Building Reflective Practice through an Online Simulation in an Undergraduate Teacher Education Program
computer simulation, critical thinking, diversity (faculty), empathy, ethics, knowledge base for teaching, leadership role, learning experience, likert scales, mixed methods research, multicultural education, nontraditional education, online courses, online surveys, preservice teachers, professional identity, self efficacy, teacher education programs, teaching methods, undergraduate students, vignettes
CITE Journal: Contemporary Issues in Technology and Teacher Education
This paper discusses preservice teachers' perceptions of an online, in-house diversity simulation in an undergraduate teacher education program conducted over a 3-year period. The diversity simulation was a nontraditional capstone experience for 193 preservice teachers in majors ranging from early childhood to secondary education. The diversity simulation included scenarios at the kindergarten, middle school, and high school levels, allowing participating preservice teachers to assume leadership positions during the simulation. Results of an anonymous survey indicated that the preservice teachers found that the diversity simulation provided realistic scenarios and promoted creative thinking and team building. Preservice teachers were also asked to write a final critique essay of the simulation experience. Qualitative themes emerged from an analysis of the essays that were consistent with previous research on simulations. Such themes included self-efficacy, emerging professional identity, empathy, leadership, knowledge base, collaboration, ethics, and critical thinking.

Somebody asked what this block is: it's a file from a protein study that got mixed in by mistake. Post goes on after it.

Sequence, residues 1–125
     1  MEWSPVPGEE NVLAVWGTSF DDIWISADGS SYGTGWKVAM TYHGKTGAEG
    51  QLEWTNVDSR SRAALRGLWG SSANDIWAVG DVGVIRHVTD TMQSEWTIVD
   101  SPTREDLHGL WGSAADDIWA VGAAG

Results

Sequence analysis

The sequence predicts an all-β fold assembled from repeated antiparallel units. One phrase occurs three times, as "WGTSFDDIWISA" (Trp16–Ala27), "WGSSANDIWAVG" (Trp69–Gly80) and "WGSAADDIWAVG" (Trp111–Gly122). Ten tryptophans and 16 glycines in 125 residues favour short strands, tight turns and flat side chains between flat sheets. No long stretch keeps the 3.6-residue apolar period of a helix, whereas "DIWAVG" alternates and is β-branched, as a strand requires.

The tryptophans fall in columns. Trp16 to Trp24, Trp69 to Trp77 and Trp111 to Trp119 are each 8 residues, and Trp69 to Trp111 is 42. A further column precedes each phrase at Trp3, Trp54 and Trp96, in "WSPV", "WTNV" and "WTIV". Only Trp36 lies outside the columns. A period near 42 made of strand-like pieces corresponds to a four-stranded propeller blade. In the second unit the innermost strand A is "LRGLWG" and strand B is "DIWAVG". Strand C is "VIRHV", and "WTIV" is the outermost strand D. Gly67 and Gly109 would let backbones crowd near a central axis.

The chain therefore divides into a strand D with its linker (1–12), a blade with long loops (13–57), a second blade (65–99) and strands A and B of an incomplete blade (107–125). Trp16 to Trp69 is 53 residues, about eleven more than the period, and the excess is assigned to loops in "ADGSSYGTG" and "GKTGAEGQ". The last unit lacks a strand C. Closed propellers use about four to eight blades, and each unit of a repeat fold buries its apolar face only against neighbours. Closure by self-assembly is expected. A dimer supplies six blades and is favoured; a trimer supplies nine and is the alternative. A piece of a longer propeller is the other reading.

Manburg, Jamie; Moore, Rashid; Griffin, David; and Seperson, Marvin, "Building Reflective Practice through an Online Simulation in an Undergraduate Teacher Education Program" (2017). Faculty Articles. 476.